Overall, getting this right involves identifying one or two key metrics that take a higher-level view than traditional KPIs. While those remain useful at the channel level, getting journey-level metrics is essential to actually determining the ROI from investments in the journey as a whole, not just on channel specific metrics.

Audit Your Data and Technology

Once you’ve got those first three pieces in place: a team that can champion journeys, a use case, and metrics to measure success, you need to consider what tools you already have in place to build a connected journey.

It starts with data. With more accessible, less structured data intelligence available than ever before, businesses often  worry that their data is not perfect. Fortunately, this stress can often be avoided. On the digital side of businesses data, it is usually cleaner than most people believe. Once you have data accessible from your core channels, you need to consider implementing journey analytics and discovery.

This is where many customers often implement a journey analytics tool to identify patterns of behavior as they interact with the current stack. With this insight, you can determine the right strategy for journey orchestration. With a strategy in place, you can build out an automated customer journey, and with automation in place you can finally deliver the customer experience in real time.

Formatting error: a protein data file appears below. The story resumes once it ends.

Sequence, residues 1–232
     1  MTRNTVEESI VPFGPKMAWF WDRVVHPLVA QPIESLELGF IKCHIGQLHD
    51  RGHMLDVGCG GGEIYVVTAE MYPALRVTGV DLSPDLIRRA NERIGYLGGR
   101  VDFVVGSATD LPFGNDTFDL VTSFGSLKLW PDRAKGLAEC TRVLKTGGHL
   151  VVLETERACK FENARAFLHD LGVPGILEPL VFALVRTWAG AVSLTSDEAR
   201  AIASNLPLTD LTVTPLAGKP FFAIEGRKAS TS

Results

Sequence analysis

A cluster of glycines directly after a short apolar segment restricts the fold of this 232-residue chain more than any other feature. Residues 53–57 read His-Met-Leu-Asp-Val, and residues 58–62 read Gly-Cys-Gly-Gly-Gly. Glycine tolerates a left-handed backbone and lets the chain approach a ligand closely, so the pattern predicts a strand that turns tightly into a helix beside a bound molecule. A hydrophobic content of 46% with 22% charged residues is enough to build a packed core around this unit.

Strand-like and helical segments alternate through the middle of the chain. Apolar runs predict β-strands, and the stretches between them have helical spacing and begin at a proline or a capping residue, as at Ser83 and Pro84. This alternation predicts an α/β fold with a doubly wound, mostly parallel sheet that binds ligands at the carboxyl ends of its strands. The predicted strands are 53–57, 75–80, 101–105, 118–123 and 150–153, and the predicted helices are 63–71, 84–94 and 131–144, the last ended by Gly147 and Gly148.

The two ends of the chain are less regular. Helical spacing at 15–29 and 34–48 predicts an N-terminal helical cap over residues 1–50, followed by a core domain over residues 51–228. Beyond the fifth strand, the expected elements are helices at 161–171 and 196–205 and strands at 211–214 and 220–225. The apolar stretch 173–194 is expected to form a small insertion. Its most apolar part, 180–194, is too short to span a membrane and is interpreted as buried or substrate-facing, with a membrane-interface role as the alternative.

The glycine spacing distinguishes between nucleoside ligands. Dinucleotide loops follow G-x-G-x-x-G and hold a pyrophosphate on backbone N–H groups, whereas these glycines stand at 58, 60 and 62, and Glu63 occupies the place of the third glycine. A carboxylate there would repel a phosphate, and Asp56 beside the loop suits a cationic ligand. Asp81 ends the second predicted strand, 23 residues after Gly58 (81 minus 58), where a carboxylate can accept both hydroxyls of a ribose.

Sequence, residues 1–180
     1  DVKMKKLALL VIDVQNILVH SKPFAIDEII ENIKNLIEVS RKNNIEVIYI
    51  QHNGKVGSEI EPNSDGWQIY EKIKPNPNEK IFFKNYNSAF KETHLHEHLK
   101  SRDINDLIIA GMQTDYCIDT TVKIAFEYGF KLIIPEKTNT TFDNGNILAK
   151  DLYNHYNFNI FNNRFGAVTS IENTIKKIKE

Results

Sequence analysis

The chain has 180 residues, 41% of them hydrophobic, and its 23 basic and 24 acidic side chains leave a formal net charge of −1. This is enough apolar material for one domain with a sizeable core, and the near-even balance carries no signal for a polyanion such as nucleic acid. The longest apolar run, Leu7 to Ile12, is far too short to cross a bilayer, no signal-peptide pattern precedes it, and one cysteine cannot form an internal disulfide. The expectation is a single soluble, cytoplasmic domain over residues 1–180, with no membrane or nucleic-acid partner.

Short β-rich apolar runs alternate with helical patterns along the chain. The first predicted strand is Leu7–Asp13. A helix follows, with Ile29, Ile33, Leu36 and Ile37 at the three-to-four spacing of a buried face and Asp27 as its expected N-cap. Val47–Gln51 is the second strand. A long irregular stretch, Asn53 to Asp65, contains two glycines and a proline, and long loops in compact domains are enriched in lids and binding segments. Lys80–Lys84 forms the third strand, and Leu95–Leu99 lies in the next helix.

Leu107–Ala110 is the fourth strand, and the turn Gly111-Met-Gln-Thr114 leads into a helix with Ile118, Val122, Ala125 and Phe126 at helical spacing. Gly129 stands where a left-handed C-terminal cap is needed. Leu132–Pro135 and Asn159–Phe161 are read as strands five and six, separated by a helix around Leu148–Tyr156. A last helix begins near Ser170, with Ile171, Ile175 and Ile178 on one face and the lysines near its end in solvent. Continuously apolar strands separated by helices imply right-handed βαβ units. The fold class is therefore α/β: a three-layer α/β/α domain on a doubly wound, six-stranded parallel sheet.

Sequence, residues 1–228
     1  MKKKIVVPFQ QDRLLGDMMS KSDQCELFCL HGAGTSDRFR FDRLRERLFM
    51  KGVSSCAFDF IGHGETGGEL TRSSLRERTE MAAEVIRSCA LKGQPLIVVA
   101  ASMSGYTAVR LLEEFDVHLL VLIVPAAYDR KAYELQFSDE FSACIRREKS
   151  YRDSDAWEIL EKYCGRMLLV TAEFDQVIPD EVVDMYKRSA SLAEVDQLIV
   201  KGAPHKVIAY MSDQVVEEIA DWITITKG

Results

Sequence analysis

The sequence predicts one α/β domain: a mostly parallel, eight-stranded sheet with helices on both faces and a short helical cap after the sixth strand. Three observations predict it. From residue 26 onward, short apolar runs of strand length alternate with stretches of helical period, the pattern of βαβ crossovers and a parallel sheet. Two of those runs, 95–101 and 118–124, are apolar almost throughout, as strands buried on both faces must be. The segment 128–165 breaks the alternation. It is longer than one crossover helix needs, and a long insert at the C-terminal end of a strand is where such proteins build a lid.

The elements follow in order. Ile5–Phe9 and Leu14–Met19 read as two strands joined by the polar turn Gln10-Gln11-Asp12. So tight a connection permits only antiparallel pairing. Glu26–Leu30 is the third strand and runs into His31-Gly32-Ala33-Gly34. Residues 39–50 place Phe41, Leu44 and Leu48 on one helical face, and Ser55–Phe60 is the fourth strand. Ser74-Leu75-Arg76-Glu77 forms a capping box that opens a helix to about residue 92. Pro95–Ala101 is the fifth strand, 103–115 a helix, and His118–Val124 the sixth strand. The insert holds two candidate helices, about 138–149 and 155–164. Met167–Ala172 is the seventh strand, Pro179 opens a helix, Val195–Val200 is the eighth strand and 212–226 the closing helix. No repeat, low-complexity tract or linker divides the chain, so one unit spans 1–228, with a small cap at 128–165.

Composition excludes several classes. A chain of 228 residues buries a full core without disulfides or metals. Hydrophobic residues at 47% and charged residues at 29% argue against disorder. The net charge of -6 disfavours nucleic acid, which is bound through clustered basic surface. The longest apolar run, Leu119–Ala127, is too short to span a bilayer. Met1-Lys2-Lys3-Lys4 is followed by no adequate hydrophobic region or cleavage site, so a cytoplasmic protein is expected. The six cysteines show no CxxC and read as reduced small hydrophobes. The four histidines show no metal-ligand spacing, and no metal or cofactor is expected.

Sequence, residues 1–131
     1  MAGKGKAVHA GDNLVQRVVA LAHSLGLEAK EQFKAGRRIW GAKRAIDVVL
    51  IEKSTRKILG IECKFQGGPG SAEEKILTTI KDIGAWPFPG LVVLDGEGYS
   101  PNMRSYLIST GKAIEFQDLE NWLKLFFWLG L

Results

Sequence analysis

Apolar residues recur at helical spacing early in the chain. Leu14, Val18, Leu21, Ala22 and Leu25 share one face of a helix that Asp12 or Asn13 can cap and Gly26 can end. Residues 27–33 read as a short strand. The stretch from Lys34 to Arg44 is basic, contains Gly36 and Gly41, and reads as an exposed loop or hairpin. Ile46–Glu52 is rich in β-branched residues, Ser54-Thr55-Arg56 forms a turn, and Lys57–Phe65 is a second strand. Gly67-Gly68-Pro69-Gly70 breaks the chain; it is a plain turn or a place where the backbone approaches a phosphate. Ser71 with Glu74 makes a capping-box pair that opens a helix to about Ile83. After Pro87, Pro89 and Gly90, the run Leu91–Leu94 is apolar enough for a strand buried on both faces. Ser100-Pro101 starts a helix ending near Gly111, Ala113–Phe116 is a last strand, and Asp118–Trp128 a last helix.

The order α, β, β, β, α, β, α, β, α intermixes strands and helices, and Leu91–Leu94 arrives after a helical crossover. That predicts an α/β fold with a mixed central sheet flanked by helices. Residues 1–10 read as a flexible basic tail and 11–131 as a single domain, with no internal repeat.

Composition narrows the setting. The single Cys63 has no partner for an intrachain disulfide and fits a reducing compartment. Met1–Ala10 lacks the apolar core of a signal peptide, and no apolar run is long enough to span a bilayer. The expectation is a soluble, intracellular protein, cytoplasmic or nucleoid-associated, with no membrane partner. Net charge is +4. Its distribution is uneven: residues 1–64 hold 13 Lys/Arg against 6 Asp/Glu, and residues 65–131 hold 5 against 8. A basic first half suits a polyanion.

Run a Pilot → Initial Journey Expansion

Customers demand improved experiences today, not two years from now. This means building out the customer journey for which you’ve built your team, identified a use case, determined metrics, and completed an audit. It’s time to bring it to the real world with a pilot project. This shouldn’t be along process, with the cloud-based ecosystems of many technologies today, time to action is often on the order of months or weeks instead of quarters or years. While a pilot won’t cover the entire lifecycle starting small builds confidence, competencies, and CX understanding.

Each item on the checklist prior to this has built towards making a pilot possible. To have a successful pilot you must understand the current state of the journey at their business and have a strategy to fill existing gaps. The pilot must align technology and data and crucially it must actually orchestrate and automate. And finally, you must be able to measure and optimize. By checking which metrics are met, discovering which paths are successful, and being able to tweak and improve, your pilot will set your business on the path for success.

Why Use This Customer Journey Checklist

Customer journeys aren’t easy, but they have become the key way for businesses to compete on customer experience. By following the checklist provided above, you can get started with journeys faster and more successfully.

Are you ready to get started? Reach out to our team today. We can help you identify the right use cases for your business, and walk through what you’ll need to find customer engagement success.